Confused because the park center ought to be open, I called the emergency number taped to the door. The park has been closed for a private hunt. The person on the phone explains to me that there were signs (invisible unless you're in a car with high beams, naturally) saying the park was closed to the public (I didn't realize that was a thing parks could be), except for licensed hunters. I thank the park employee for the information, and get off the phone The bathrooms were still unlocked, more importantly heated, so Erin and I took use of them to start drying out our clothes. Meanwhile the person on the phone decided to drive up to the park and make sure we were gone.
What followed was an hour of back and forth that cycled through the following ideas:
"It's late, cold, and raining, it's incredibly unsafe for us to go back onto the highway."
"I understand that, but the park is closed and you can't stay here."
"We aren't going back to the highway. No hunter would mistake brightly colored tents next to a lit-up visitor center for an animal. You won't get in trouble, and you wouldn't put us in danger like you are by suggesting we go back to the highway."
"I understand what y'all are going through, but the park is closed and you can't stay here."
There is nothing I hate more than someone who refuses to do critical thinking, especially when doing so puts others in harm's way. No, you don't understand what we're going through, because if you did you wouldn't tell us to go back out to a dangerous highway. (Writing this post is the first time I've actually let my frustration over the situation out. Catharsis by blogging...) Anyway, we're now in a stalemate situation with this park ranger. Realizing we really aren't going to leave, backup arrives. But, this ranger is far more sympathetic, and suggests we set up our tents by the park entrance. "Lots of folks camp there if they show up after the visitor center is closed." Erin and I shoot the dirtiest possible looks at the original ranger, wanting to scream "Why didn't you just tell us to do that?" but opted for a "Thanks, sounds good" instead.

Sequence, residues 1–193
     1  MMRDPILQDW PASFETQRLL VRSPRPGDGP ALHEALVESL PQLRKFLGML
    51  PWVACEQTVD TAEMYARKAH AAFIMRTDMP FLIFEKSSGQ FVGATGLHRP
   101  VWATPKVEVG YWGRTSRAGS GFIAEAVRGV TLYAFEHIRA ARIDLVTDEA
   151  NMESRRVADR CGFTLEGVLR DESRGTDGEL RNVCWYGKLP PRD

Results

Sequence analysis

Of the things we did wrong in this situation, the biggest one was making that first phone call. Being so well versed in hobocamping, I'm not sure how I managed to forget the old "ask for forgiveness, not permission" adage that night. Never again.
I can not accurately express how how awesome in a biblical way, how rewarding in a buddhist way, and how amazing in a primal way it was to look out my tent window and see a blue sky. There's not a feeling of relief more deep than the one I felt that final morning. In two days we had been through such shit luck, that something as simple as the color blue above had me giggling uncontrollably in the tent. Tucked away behind the cedars with room only for my tent, we took turns standing in the sunlight and packing up our bikes. Silent and smiling, the sunlight was the best thing to have happened yet and warmed deeper than any fire could.
But we wanted nothing more than to get the hell out of that park and thought nothing of the 85 miles between us and Austin. John said they had a tailwind, so we hoped for the same. Instead we were greeted to a mean headwind that lasted the entire day, but we pedaled ruthlessly- stopping only for as many snacks as our bags and clothes could hold. Let the sugar rushes get us back in time.
But, we did it. No backing out, no turning around, no reroutes or short cuts or taking an extra day. Flying down Congress Ave in the pinks and purples that remained in the sky after our sunset through farmland, we hollered and popped wheelies. We did some siqqq skidz and buzzed cars while splitting lanes, and bunnyhopped over nothing in particular but felt like bad asses all the same. We were done.